-In December, Brad, Staci, and I visited the Open Studio event at the University of Kentucky Reynolds Art Building. Not only did we get to see a diverse assortment of student projects in print making, 3D sculpture, graphic design, fiber arts, paintings, drawings, and pretty much anything else you can think of, but we also got to see a live aluminum pour into sand molds created by patrons of the show at the open air metal arts studio. This was amazing. Sparks were flying, sawdust was burning, metals were molten and  students were wearing protective leather smithing type outfits and welding masks. This was art and science on steroids. As a result, one of my New Years resolutions for 2012 is to participate in the 20th annual campus Iron Pour when it rolls around this fall.  Last year’s event even included a patina workshop that I would gladly attend if repeated this year. I can hardly wait for October but at least there will be plenty of time to plan my project.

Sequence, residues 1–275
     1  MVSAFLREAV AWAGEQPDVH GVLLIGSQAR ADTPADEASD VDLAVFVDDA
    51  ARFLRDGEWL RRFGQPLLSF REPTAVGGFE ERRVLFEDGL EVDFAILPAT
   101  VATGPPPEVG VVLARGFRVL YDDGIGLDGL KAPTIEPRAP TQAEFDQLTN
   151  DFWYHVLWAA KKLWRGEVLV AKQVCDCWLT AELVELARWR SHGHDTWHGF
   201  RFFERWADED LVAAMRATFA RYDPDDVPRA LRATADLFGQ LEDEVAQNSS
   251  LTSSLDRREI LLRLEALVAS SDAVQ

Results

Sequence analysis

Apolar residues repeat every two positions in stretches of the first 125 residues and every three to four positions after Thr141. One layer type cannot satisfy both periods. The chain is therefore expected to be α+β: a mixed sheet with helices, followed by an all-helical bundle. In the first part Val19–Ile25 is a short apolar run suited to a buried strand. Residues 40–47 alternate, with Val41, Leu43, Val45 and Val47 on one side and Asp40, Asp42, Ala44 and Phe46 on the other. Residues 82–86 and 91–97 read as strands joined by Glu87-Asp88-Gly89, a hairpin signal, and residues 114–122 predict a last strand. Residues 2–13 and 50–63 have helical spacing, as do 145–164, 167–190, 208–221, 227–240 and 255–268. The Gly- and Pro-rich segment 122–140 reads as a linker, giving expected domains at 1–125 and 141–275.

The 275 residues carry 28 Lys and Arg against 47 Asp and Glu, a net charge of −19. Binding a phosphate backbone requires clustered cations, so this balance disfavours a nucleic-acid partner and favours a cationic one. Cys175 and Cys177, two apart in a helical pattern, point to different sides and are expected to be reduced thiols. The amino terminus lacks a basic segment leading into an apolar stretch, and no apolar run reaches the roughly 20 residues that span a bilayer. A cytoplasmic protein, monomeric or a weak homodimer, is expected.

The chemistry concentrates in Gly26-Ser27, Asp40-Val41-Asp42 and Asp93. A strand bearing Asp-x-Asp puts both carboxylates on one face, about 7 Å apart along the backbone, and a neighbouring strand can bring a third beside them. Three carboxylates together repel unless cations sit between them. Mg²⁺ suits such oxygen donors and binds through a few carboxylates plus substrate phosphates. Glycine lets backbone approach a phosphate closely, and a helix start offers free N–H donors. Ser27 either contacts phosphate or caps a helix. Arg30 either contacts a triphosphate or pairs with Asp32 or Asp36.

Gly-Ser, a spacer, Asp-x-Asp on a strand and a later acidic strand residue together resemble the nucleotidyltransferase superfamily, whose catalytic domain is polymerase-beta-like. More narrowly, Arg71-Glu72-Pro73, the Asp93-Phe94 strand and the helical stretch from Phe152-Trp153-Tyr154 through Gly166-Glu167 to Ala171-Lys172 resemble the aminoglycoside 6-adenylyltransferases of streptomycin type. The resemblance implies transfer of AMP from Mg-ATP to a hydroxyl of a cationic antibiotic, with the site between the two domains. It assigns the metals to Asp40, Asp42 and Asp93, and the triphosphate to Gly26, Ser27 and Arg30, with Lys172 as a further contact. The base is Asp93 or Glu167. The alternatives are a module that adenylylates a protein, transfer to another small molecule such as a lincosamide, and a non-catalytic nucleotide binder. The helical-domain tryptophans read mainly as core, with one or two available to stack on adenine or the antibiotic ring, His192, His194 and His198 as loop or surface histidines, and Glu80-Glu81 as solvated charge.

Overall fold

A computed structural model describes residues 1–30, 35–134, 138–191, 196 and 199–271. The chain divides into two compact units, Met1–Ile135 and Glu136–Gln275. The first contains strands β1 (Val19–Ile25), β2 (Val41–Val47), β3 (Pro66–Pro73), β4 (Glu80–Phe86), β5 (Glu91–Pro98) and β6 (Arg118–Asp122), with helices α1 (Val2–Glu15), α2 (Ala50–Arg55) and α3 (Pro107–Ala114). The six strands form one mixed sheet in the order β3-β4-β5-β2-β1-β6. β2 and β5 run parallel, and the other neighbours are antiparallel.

With so many great craft experiences in 2011 and lots to be excited about in 2012, I have a few craft-related and a few personal resolutions for the newborn 2012:

-Aforementioned participation in the 2012 UK Iron Pour

-Put into practice lye soap making lessons from above

-Update Errant Easel with new material at least every other week

-Successfully defend capstone this semester

-Choose a nonfiction book for every third leisure reading book

I have more resolutions, but these seem sufficient to keep me busy for the immediate future. I hope you are lucky enough to look back at 2011 with positive feelings and if you can not that you maintain hope for the future and the will to make the best of new opportunities. Happy New Year and I look forward to writing again soon.